A North Carolina man who was wrongfully imprisoned for 44 years is set to receive a $25 million settlement, marking the second-largest wrongful conviction settlement in history, as announced by Duke Law School’s Wrongful Conviction Clinic.
Ronnie Long, who is Black, was wrongfully convicted in 1976 by an all-White jury for the rape and burglary of a 54-year-old White woman. His conviction was vacate in 2020 after post-trial disclosures revealed a pattern of deliberate police suppression of material evidences. Including semen samples and fingerprints from the crime scene that did not match Long.
Long has reached a civil lawsuit settlement with the city of Concord and the North Carolina State Bureau of Investigation, totaling $25 million. The city of Concord acknowledged responsibility for significant errors in judgment and willful misconduct by previous city employees that led to Long’s wrongful conviction and imprisonment.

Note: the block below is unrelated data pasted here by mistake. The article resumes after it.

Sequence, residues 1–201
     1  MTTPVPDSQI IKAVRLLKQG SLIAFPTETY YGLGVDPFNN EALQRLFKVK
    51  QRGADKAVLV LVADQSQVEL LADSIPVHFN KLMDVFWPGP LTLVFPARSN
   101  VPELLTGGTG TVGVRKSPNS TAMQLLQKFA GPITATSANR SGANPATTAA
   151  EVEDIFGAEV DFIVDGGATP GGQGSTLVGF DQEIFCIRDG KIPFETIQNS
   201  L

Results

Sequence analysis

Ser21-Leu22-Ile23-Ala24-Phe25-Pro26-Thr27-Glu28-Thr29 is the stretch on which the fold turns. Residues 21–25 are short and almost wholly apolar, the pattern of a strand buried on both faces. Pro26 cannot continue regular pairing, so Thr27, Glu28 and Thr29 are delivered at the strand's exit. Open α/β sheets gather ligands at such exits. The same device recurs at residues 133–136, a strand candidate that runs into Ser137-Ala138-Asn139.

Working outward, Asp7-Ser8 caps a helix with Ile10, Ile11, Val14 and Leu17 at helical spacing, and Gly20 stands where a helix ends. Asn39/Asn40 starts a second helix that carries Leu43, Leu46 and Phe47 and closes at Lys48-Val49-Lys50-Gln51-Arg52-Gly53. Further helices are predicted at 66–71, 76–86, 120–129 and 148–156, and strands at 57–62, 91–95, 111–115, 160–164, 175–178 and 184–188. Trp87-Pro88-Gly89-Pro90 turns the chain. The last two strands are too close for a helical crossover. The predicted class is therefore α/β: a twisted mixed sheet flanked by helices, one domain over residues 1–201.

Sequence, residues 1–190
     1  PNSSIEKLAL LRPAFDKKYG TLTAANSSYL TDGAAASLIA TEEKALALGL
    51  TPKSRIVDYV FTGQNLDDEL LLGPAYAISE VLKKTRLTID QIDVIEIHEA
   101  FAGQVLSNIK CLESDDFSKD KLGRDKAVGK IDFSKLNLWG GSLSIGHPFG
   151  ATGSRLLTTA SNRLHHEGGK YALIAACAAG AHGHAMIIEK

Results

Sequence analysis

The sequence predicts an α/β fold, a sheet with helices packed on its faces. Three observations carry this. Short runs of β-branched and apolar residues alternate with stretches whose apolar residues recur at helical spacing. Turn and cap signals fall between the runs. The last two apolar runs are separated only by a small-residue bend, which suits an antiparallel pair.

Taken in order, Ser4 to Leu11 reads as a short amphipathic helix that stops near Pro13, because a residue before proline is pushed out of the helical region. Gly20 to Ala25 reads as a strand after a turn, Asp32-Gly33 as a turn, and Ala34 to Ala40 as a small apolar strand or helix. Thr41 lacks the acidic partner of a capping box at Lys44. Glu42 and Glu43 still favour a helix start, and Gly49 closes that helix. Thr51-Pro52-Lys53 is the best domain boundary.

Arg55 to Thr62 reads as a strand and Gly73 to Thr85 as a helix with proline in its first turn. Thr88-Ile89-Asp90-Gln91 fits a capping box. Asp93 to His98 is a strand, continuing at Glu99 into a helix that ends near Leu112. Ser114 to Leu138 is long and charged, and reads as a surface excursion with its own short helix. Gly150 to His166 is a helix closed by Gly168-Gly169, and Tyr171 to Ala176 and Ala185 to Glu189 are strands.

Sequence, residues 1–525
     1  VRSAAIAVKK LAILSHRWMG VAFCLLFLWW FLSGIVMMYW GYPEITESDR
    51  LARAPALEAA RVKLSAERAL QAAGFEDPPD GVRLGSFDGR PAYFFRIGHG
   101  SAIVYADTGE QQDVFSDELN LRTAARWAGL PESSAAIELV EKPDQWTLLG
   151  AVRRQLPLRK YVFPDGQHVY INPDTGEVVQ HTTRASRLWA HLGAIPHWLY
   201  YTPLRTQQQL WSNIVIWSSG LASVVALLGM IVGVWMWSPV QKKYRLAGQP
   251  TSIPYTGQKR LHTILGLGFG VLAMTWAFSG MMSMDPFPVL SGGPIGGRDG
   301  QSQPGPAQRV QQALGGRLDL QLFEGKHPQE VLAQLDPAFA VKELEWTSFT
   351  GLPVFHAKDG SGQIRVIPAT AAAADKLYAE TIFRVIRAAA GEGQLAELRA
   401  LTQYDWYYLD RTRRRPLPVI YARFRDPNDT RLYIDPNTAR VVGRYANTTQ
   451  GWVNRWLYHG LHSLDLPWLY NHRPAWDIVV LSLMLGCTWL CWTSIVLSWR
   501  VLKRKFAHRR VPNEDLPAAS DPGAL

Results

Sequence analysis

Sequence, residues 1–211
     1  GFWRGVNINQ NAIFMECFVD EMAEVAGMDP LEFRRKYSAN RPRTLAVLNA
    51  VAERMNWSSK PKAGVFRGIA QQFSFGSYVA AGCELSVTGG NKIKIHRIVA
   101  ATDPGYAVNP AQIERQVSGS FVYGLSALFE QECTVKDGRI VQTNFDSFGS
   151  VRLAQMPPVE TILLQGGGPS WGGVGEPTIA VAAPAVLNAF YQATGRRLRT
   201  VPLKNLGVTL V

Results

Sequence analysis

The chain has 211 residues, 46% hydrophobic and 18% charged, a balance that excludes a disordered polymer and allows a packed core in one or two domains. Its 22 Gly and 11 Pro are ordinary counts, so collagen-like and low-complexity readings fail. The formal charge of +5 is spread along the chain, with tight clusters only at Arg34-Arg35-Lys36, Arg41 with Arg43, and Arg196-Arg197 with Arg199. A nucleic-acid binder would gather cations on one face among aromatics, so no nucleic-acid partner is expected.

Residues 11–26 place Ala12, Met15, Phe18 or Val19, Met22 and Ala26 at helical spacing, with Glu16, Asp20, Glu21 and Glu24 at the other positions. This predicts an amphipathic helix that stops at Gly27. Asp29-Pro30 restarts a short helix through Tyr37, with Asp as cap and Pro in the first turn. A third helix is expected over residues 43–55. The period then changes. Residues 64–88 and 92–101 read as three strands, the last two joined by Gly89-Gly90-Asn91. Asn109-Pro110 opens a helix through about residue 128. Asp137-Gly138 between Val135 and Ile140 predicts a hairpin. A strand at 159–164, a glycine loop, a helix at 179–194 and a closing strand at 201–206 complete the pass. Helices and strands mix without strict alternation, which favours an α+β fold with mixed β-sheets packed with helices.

A Long Road to Justice
During his 44 years in prison, Long missed important life events. Including the passing of his parents, birthdays, graduations, and funerals. The settlement, while significant, cannot fully compensate for the time he lost. Long had previously been award $3 million from the North Carolina State Bureau of Investigation.
Ronnie Long’s case highlights the importance of the pursuit of justice. As well as the need for accountability in cases of wrongful conviction. The settlement provides some measure of redress for the years of wrongful imprisonment that he endured.